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Lawsuit seeks to invalidate Monsanto’s GMO patents

• www.globalresearch.ca

 “A new invention to poison people … is not a patentable invention.” Lowell v. Lewis, 1817

A landmark lawsuit filed on March 29 in US federal court seeks to invalidate Monsanto’s patents on genetically modified seeds and to prohibit the company from suing those whose crops become genetically contaminated.

The Public Patent Foundation filed suit on behalf of 270,000 people from sixty organic and sustainable businesses and trade associations, including thousands of certified-organic farmers. In Organic Seed Growers and Trade Association, et al. v. Monsanto, et al. (U.S. District Court, Southern District of New York, Case No. 11 CIV 2163), PUBPAT details the invalidity of any patent that poisons people and the environment, and that is not useful to society, two hallmarks of US patent law.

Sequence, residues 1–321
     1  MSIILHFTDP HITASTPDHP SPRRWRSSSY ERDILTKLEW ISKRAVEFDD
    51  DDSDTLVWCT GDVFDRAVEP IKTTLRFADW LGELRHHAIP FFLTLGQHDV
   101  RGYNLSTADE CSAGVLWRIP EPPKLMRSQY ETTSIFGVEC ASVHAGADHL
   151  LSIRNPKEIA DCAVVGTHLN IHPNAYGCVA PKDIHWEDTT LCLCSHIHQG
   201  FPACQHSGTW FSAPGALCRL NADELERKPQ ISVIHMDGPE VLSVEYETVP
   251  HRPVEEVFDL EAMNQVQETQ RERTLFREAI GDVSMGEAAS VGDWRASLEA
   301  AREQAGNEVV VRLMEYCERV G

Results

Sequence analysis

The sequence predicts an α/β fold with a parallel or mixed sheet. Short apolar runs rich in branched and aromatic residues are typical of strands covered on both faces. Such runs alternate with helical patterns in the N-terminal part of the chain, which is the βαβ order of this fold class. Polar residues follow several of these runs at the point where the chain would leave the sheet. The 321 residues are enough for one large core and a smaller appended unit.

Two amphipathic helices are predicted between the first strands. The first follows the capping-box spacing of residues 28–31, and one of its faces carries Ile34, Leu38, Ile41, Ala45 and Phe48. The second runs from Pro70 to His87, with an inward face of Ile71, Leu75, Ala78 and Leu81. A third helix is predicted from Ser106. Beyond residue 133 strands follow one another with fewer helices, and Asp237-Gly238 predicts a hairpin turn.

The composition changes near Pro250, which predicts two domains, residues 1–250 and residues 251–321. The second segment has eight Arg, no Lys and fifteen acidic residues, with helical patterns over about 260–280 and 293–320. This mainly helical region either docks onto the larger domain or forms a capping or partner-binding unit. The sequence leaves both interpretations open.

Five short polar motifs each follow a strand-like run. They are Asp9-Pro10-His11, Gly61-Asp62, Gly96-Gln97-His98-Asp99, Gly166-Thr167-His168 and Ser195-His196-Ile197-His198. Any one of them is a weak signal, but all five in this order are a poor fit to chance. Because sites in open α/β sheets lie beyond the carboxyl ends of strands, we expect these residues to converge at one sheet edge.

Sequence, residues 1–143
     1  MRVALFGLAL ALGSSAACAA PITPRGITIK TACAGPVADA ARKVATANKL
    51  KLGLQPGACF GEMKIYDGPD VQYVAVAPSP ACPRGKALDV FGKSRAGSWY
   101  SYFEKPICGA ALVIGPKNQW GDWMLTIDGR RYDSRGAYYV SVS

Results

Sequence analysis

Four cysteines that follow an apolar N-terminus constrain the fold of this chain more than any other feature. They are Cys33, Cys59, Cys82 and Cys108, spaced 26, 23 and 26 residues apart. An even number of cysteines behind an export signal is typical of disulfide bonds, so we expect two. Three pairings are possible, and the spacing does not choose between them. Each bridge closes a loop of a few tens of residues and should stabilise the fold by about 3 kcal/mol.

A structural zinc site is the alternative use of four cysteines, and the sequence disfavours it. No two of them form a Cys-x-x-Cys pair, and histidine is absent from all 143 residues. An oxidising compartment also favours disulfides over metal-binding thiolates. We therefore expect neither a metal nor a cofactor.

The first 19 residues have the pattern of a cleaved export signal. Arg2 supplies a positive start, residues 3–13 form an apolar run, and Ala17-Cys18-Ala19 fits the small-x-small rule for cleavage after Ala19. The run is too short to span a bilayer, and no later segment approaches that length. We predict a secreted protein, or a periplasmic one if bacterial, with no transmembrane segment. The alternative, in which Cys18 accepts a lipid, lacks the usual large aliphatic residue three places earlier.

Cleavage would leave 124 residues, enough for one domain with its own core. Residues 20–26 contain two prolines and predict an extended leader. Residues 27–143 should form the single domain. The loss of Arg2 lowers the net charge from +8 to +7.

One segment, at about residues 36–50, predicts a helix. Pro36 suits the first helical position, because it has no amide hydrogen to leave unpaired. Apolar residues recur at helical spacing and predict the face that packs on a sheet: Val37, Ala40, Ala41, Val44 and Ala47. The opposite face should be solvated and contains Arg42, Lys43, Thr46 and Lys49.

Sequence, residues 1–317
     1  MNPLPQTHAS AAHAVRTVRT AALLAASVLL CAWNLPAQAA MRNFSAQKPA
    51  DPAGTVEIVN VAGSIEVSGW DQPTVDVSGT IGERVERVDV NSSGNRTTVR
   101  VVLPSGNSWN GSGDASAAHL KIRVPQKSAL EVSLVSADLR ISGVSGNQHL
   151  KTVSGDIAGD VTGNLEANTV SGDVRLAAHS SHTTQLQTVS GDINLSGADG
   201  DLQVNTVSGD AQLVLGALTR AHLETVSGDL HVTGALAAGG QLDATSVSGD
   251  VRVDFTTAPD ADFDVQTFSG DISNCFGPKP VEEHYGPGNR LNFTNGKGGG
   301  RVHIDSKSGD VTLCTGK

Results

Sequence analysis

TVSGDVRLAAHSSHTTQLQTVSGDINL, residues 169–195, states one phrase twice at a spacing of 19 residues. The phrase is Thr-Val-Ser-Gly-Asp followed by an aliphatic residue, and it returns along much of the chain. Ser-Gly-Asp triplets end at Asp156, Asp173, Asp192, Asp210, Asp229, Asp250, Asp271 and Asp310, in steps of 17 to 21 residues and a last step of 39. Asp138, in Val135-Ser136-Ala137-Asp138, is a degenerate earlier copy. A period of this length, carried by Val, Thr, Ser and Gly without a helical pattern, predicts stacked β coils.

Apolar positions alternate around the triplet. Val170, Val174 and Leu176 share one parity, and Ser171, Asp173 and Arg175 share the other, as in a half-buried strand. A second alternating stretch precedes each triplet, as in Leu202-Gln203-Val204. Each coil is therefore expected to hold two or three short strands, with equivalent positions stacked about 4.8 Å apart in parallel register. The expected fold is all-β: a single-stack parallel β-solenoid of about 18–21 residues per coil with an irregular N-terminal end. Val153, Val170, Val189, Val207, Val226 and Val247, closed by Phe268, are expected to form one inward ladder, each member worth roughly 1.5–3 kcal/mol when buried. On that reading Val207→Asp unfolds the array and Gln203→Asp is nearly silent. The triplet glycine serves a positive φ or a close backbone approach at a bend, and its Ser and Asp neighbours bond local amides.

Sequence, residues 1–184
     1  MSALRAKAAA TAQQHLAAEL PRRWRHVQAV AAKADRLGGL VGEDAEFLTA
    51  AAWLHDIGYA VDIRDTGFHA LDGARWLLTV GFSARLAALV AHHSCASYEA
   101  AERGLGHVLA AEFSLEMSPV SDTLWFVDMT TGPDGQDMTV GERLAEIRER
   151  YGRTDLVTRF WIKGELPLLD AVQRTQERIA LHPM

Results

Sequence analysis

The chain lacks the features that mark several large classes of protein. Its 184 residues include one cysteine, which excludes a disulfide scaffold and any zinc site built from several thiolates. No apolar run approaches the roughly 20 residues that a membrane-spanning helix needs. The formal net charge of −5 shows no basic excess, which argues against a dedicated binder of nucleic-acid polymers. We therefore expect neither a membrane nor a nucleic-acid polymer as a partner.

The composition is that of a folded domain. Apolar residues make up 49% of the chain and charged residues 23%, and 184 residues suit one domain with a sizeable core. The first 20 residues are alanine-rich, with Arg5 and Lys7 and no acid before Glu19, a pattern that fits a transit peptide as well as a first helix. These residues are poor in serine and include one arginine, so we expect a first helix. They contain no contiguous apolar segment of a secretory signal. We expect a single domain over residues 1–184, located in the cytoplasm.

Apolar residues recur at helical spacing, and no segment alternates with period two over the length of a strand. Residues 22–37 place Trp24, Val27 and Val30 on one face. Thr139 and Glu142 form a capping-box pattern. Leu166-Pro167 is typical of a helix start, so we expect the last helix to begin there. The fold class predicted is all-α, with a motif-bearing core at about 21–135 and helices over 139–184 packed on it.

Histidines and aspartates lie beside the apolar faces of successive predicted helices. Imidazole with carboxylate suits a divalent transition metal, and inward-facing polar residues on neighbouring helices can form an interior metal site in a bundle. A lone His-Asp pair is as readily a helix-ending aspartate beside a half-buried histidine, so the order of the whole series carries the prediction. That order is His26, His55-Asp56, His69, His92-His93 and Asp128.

"As Justice Story wrote in 1817, to be patentable, an invention must not be 'injurious to the well being, good policy, or sound morals of society,'” notes the complaint in its opening paragraphs, citing Lowell v. Lewis.

The suit points to studies citing harm caused by Monsanto’s Roundup herbicide, including human placental damage, lymphoma, myeloma, animal miscarriages, and other impacts on human health.

Plaintiffs condemn Monsanto for prohibiting independent research on its transgenic seeds and for its successful lobby efforts to ban GM food labeling. Many raise the specter of allergic reaction to GM foods, proof of which is hidden by lack of labeling.

 

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